Why Women In South Korea Are Sharing Pics Of Their Short Hair

Why Women In South Korea Are Sharing Pics Of Their Short Hair

South Korean archer An San has faced online abuse for her short hair.

South Korean archer An San won three gold medals at the Tokyo Olympics, but mixed with the praise and adulation she received back home was also criticism over her short hair. The 20-year-old faced online abuse from people calling her hairstyle “feminist” – a term that in South Korea is often associated with being a man-hater, reports BBC.

“We didn’t train and feed you with tax money so that you can commit feminist acts,” read one comment on her Instagram.

“It’s good she got a gold but her short hair makes her seem like she’s a feminist. If she is, I withdraw my support. All feminists should die,” another man said in a post. 

In South Korea – a place with strict and unforgiving beauty standards for women – long hair is seen as a symbol of conventional femininity. An San’s decision to wear her hair short was seen by some as “violating’ society’s idea of what a woman should look like”, Ryu Hyeong-rim, an activist with Womenlink, told UPI.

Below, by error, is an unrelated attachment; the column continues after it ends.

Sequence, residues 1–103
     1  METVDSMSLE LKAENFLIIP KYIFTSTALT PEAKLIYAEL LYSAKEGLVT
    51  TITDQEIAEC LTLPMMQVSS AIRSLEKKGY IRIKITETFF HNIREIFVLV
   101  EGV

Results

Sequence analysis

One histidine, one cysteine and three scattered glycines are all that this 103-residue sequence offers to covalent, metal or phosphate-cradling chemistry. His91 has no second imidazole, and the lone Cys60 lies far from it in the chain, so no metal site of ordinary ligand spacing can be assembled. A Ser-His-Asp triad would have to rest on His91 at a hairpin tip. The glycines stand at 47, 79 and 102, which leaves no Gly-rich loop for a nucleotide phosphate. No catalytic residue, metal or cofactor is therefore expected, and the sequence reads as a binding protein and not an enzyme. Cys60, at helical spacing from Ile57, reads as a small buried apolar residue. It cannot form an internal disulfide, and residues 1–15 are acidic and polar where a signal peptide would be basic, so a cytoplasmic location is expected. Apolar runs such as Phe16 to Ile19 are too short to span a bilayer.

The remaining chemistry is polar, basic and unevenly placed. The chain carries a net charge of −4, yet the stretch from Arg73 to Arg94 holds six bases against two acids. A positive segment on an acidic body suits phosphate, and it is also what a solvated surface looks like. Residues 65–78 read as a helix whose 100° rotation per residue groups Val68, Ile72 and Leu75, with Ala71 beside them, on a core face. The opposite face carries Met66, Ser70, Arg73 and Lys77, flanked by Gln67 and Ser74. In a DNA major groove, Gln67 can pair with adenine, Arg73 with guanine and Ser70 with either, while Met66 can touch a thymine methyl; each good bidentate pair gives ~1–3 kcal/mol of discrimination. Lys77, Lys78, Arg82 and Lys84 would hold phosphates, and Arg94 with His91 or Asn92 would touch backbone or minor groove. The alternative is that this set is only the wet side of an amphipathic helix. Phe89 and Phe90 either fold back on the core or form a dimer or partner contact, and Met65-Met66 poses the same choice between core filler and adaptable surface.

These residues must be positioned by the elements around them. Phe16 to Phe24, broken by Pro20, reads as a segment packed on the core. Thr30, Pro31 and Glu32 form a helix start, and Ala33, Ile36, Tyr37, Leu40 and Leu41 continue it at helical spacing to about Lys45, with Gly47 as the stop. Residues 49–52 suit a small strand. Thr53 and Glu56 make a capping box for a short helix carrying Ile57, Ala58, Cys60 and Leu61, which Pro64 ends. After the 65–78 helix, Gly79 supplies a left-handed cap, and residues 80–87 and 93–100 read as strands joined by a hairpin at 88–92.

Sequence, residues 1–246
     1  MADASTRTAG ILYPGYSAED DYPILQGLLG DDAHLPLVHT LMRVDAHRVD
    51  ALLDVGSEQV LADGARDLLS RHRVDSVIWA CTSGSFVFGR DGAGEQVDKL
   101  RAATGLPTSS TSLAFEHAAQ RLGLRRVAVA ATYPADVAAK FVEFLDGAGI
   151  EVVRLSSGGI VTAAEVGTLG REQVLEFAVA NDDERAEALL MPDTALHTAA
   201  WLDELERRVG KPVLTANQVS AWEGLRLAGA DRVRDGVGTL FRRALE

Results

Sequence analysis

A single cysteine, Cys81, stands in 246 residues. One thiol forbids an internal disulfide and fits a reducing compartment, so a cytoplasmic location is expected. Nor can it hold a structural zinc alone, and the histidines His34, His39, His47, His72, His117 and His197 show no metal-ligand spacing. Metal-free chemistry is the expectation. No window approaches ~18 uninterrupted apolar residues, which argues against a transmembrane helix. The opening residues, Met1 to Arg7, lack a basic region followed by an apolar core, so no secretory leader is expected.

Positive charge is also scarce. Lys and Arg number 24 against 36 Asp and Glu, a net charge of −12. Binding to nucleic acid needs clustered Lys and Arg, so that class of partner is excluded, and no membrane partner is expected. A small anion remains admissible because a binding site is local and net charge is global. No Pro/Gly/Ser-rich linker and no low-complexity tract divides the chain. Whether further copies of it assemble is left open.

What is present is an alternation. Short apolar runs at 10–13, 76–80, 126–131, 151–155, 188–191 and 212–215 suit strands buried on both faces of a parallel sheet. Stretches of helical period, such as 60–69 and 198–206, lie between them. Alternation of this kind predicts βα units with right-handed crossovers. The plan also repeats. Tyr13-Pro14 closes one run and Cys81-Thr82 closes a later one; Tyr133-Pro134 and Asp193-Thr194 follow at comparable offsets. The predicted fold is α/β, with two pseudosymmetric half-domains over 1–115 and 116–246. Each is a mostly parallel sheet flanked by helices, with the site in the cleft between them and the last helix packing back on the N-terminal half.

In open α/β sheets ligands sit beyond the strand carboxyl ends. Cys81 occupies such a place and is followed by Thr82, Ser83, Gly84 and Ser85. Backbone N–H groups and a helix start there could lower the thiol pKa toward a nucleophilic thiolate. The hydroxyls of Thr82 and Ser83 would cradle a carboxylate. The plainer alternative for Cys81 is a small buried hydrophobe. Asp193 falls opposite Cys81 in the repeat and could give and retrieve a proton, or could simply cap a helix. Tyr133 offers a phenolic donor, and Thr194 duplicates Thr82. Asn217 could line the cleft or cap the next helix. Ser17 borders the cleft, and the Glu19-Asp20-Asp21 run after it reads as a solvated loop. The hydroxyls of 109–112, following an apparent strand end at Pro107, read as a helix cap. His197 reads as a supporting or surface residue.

But where she faced abuse from trolls, An San also found support from thousands of women who rose to her defense. According to BBC, women across the country have been sharing pictures with short hair as part of a campaign in support of the Olympic archer.

Many also shared ‘before and after’ pictures with the hashtag #women_shortcut_campaign

The “#women_shortcut_campaign” was started by Han Jiyoung, who says she was inspired to start the campaign after she saw the vile comments directed at the 20-year-old athlete. 

“This kind of mass attack… sends the message that men can control the female body and a message that females need to hide their feminist identity,” she said.

“I thought starting a campaign for women to [show off] their short hair and to show solidarity to female Olympians would be effective in tackling both issues.”

In South Korea, there is growing animosity towards feminism, spurred on by competition for university seats and jobs. Some men in the country feel they are at a disadvantage, having to undergo 18 months of military service which they say hampers their chances of getting ahead. However, South Korea is still at the bottom of The Economist’s glass ceiling index, and women in the country earn only 63% of men’s salaries.

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